As the number of confirmed COVID-19 cases continue to climb in the state, the local resource situation remains fuzzy.
And that, according to Miami County Health Officer Dr. Christi Redmon, should be all the more reason for residents to adhere to the stay-at-home order issued by Gov. Eric Holcomb earlier this week.
“If we don’t take this seriously, Italy is the example,” she told the Tribune on Thursday.
Italy, according to Associated Press reports, leads the world in COVID-19 deaths where nearly 8,200 people have died, some while waiting for hospital beds.
The country’s health care system has been overwhelmed trying to treat the spike in cases, which, as of Thursday, had reached more than 80,000 according to data tallied by Johns Hopkins University.
That same data on Thursday showed that the U.S., at 75,233 reported cases, is drawing close to Italy’s number and China’s nearly 82,000 cases.
In Indiana, the count on Thursday morning was 645 confirmed cases, up from Wednesday’s count of 477 cases. There have been 17 deaths in the state.
In Miami County, the count remained at one following the report of a case over the weekend.
The real number is likely higher.
For more than a week, Redmon has said residents should act as though the virus is in their community “because it is” and that state and local providers lack an adequate amount of tests to identify cases on a larger scale.
Asked recently about the amount of tests available to them, as well as the number of ventilators, open beds and preparations being done to prepare for a possible surge in cases, a representative from Lutheran Health Network, which operates Dukes Memorial Hospital, declined to provide any detail.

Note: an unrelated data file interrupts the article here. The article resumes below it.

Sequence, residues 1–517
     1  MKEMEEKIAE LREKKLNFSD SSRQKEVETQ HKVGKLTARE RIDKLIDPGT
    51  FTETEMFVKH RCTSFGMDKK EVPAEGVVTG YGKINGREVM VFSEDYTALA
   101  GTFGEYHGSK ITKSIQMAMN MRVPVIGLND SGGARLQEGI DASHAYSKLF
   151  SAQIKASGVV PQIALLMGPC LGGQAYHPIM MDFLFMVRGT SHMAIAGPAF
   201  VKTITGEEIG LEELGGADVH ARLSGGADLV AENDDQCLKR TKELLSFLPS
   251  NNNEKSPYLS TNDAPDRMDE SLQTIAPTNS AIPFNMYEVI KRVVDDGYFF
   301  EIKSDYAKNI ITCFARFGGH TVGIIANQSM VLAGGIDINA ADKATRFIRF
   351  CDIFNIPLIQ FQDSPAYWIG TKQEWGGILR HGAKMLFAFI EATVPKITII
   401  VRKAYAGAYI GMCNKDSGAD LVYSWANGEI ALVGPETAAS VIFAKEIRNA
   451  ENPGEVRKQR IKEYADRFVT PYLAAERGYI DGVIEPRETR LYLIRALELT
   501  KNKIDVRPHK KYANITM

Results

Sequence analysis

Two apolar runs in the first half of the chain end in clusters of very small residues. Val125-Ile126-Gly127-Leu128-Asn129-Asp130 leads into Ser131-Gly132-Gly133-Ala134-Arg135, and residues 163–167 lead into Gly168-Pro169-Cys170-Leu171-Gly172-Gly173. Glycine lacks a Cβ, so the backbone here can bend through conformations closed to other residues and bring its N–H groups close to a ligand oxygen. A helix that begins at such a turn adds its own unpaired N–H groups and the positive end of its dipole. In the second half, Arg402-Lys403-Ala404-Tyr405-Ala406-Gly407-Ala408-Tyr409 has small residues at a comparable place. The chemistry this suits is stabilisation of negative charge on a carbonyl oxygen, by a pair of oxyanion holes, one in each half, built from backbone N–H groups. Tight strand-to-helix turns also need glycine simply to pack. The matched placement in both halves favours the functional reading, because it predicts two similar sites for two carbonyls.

The local hospital is “preparing to respond to the potential surge in patients and we are reviewing our inventory and protocols regularly as CDC guidance is revised,” spokeswoman Kara Stevenson, said in part in an emailed response to the questions. “We’re working in concert with the health department as they work to coordinate the resources across our community and region.”
Testing, she said “is being limited to symptomatic patients” following Indiana Department of Health guidelines.
“The priority is testing for persons with symptoms of COVID-19 infection – fever, cough, or shortness of breath and risk factors of exposure to a confirmed COVID-19 individual or travel from an area with extensive numbers of cases,” Stevenson wrote.
Dukes is not alone in their response.
State health officials have also declined to provide details on Indiana hospitals’ intensive care unit capacity and equipment availability, according to Associated Press reports.
Dr. Kristina Box, the state health commissioner, said Wednesday that she’s seeing “positive movements” in availability of ICU beds and ventilators in Indiana, but cited confidentiality arrangements with hospitals for not releasing details, according to the AP.
Redmon said Thursday that, she is not aware of the number of ventilators or tests available at the local hospital, but said that, should a surge come, hospitals and state officials will have a system for dealing with it.
“Hospitals, if they are at capacity … the patients (will be) diverted to another hospital,” she said. “That will be coordinated by the state.”
But Redmon stressed that she thinks the area is still at a point where it can avoid a situation like that. If the governor’s stay-at-home order is not followed, though, a situation like Italy’s could be seen as well.
“I don’t want to scare people to death,” Redmon said. “But in a way, I do.”
Those who do need to venture out to buy supplies need to be doing their best to stand apart from others while waiting in lines and shopping. Others need to simply stay home, particularly the elderly who are at the most risk of dying from the infection, she said.
In a “free country,” Redmon said, it is a matter of people choosing “to do the right thing” and following the guidelines from the state.
“If they are not, it’s not going to work,” she said. “I can’t stress that enough.”